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Performance JS: React

Premature optimization is the root of all evil.

For starters, it's worth remembering that the virtual DOM is already an optimization that allows React to run out of the box fast enough that you don't have to think about performance at all for a long time. For many projects, this is enough for a lifetime.

In general terms, React works like this:

  1. Mounting causes the application to render.
  2. The resulting DOM is inserted into the real DOM in its entirety because there's nothing there yet. And the virtual DOM, in turn, is stored within React to be updated later.
  3. Changing the state results in a new virtual DOM being calculated.
  4. Calculates the difference between the old virtual DOM and the new one.
  5. The difference is applied to the real DOM.

React: reconciliation

Reconciliation

Every time there's a change to the state of a component, a mechanism called "reconciliation" is triggered, which calculates the difference (diff) between the past state and the new state. From an algorithmic point of view, it's essentially a search for differences in the two trees. Generally, the algorithm that performs this calculation works with a complexity of O(n3).

If events are generated often, and the virtual tree has become large, lag will start to get very visible.

To solve this problem, React insists you use a key attribute for all list items, which does not change for specific list items. This requirement makes it possible to optimize the performance of the algorithm by reducing the complexity to O(n).

The requirement for keys is checked by React itself. It will issue its own warnings in the browser console if it sees you're not using them.

Rendering

In practice, rendering the entire application (virtual DOM) for any change is expensive. Imagine the application uses a text input box. This means that during typing, any click generates a virtual DOM in its entirety, from scratch. A good example is the Q&A on Hexlet, where we encountered this very problem. The forum has a rather large virtual tree, and its full rendering takes a certain amount of time.

The React Developer Tools extension has a special checkbox that lets you see the components that are rendered during events. Everything is displayed visually, i.e., after each event, the rendered components are surrounded with frames.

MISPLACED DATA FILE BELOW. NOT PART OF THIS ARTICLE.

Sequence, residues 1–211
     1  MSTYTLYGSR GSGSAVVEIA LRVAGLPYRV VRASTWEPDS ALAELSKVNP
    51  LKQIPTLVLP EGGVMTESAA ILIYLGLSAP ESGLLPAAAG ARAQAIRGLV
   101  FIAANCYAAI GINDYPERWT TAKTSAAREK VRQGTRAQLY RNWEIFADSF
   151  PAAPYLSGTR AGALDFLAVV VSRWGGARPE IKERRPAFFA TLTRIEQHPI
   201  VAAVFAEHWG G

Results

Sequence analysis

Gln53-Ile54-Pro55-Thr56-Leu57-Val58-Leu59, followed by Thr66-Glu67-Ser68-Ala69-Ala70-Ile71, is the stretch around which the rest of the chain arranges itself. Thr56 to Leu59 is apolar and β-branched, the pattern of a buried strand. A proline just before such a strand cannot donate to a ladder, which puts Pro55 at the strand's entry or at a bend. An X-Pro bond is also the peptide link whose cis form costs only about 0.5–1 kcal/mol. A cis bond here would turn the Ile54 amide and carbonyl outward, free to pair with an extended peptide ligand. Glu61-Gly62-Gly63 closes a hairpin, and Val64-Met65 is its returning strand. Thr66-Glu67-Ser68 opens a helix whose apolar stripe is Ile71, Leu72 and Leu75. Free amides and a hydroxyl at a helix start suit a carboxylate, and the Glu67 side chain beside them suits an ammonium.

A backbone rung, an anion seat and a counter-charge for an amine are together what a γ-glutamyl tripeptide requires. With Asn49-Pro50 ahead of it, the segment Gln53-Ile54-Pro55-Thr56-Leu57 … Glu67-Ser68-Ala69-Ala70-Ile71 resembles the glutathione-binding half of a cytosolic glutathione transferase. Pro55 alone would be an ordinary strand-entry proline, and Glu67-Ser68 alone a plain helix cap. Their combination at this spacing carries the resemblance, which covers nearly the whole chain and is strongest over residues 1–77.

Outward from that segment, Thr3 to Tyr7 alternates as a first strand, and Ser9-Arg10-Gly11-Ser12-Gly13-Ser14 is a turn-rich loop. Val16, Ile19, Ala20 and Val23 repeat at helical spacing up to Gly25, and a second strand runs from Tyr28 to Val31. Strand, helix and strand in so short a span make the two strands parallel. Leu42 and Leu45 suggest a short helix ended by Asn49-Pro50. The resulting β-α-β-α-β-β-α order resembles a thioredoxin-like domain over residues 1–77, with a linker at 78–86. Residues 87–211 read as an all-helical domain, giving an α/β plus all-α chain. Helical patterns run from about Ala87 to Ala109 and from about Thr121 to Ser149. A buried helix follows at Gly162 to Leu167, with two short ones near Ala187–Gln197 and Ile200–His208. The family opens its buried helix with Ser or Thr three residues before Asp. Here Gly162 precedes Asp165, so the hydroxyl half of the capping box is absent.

It's easy to see that for an application where nothing has been specifically done, everything will be rendered for every event. But events tend to change only a small part of the DOM. Entering text often doesn't change the DOM at all.

React avoids rerendering the components that haven't changed. In terms of conditions – you have to keep it clean, in other words, the component must essentially be a clean function.

Updating components triggers the following chain of functions:

  1. getDerivedStateFromProps()
  2. shouldComponentUpdate()
  3. render()
  4. getSnapshotBeforeUpdate()
  5. componentDidUpdate()

You can stop rerendering by using shouldComponentUpdate(). If this method returns false, the component will not render at all. And since it's assumed that the component behaves as a pure function, it is sufficient to check inside this method that the props and state state haven't changed. It looks something like this:

shouldComponentUpdate(nextProps, nextState) {
  return !shallowEqual(this.props, nextProps)
    || !shallowEqual(this.state, nextState);
}

The shallowEqual() function compares only the top level of objects. Otherwise this operation would have been too heavy. By the way, here you can see why you can't change the state directly: this.state.mydata.key = 'value'. Since objects are compared by reference, changing an object will show that the object is the same, even though its contents have changed.

Since most components in typical applications do behave like pure functions, and the state is stored in a common root component, this technique can be applied everywhere, and React actively helps with this. So far you've only inherited classes from React.Component, but you can also inherit from React.PureComponent, in which shouldComponentUpdate has been correctly implemented for you.

See the Pen js_react_performance_pure_component by Hexlet (@hexlet) on CodePen.

If you click the button, you can see that the root component is re-rendered, but the subcomponent is not.

But it's not that simple. It's very easy to break PureComponent without realising..

Default Props

The first issue awaits if you don't work with the default properties correctly:

class Table extends React.Component {
  render() {
    const { options } = this.props;
    return (
      <div>
        {this.props.items.map(i =>
          <Cell data={i} options={options || []} />
         )}
       </div>
     );
  }
}

Seemingly harmless code, but calling [] each time generates a new object (assuming options is false). This is easy to check: [] === [] will be false. In other ways, the data have not changed, but <Cell> will be redrawn.

The takeaway is that you should use the built-in mechanism for default properties.

Callbacks

class App extends React.PureComponent {
  render() {
    return <MyInput
      onChange={e => this.props.update(e.target.value)} />;
  }
}

The problem in the code above is exactly the same: a new handler function (callback) is generated for each render function call, which breaks effective updating. You already know the solution: define handlers as class-level properties.

Immutable.js library

Another interesting way to solve the problem of re-rendering an application is to use persistent data structures, specifically the immutable.js library. This is a separate topic beyond the scope of this course.


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